Floods disaster funding madness
FEDERAL and state disaster payment rules have created a financial nightmare for councils battling to carry out flood repairs, Gympie Region councillors heard yesterday.
Council Works Committee chairman Larry Friske told yesterday’s committee meeting the funding arrangements discriminated against councils who used their permanent day labour force to carry out the repairs, even though this was the cheapest and quickest way to achieve results.
However, he told councillors of a scheme to circumvent the funding restrictions.
“Ridiculous” and “ludicrous” were words used yesterday to describe state and federal disaster relief policies which are delaying and adding huge costs to Queensland’s flood recovery effort.
But Gympie Region councillors yesterday heard of a plan by the Local Government Association of Queensland to circumvent the restrictions and save councils millions of dollars.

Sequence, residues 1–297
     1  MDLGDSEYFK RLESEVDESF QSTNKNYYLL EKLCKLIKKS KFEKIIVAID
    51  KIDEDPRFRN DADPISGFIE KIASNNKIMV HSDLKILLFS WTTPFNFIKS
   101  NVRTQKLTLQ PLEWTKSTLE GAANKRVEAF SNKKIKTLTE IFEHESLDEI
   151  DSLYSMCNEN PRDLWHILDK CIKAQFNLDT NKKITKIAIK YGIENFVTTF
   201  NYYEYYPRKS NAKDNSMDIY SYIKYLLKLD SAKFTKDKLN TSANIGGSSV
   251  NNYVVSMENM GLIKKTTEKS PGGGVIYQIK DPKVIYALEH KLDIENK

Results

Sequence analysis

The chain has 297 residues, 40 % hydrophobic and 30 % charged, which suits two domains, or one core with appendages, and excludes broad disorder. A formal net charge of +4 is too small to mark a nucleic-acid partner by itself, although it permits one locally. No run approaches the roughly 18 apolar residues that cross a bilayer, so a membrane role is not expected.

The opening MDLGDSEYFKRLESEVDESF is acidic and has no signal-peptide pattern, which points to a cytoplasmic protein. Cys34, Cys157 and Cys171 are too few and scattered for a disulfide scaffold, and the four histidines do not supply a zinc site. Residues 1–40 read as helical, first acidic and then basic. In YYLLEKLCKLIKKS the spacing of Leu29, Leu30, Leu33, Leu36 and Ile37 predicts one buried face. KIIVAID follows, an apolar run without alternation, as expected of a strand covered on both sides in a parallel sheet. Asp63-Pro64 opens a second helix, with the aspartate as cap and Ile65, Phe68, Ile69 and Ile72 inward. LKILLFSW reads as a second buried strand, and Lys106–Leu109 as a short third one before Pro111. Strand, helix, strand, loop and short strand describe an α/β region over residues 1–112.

However, the council Works and Services Committee was told that the scheme, while apparently legal, could further delay urgent flood recovery efforts.
The problems under discussion were connected to government insistence that councils would only be entitled to disaster funding for work carried out by contractors, rather than by the council’s cheaper and better informed day labour force.
“It’s ridiculous,” said Deputy Mayor Tony Perrett. “It amazes me that we can trade staff across council boundaries and meet federal and state requirements, but when we use our own staff for what they are supposed to do, we’re not eligible.”
“Our workers know the region better than anyone else and there is urgency,” he said.
“Contractors will ultimately cost the state more (and take longer).”
Mayor Ron Dyne said it “seems ludicrous that a team comes across a council boundary” with more downtime, more expensive design requirements and longer travelling time.
“The commonwealth needs to re-assess this,” he said.
Cr Frisk said he believed the state government was “hamstrung” by federal requirements.
Engineering director Bob Fredman told the meeting council workers were “still delivering flood repairs in the most cost effective and timely manner.” The LGAQ scheme was apparently legal but would cause delays, he said.